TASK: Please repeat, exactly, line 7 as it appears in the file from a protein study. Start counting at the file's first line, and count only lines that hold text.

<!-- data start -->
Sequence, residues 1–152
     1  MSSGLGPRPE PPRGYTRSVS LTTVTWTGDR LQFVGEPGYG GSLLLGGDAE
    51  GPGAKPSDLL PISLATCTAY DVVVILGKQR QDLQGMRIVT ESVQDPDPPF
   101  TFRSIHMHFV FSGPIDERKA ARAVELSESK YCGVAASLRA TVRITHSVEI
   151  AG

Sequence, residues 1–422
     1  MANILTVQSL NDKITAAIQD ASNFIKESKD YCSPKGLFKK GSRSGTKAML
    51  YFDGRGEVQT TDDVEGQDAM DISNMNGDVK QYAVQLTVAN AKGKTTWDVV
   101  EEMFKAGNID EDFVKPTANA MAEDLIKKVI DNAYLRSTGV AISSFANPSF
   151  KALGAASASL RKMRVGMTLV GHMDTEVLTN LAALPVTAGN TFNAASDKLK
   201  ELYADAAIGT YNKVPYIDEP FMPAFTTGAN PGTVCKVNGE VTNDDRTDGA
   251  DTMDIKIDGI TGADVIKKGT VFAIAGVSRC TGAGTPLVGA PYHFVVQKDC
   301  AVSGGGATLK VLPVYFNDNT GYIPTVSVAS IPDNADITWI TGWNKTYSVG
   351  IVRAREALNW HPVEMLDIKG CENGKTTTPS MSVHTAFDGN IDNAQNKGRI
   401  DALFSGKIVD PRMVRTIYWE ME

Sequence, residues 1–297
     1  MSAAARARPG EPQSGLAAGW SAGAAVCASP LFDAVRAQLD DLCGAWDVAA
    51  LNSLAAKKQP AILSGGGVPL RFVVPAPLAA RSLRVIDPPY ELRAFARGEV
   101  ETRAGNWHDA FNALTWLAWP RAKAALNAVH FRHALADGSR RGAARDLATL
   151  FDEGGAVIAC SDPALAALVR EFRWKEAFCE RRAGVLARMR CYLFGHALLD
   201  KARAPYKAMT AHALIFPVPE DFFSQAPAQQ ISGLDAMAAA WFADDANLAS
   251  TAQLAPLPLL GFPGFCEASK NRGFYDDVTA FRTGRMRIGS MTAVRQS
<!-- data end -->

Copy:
     1  MANILTVQSL NDKITAAIQD ASNFIKESKD YCSPKGLFKK GSRSGTKAML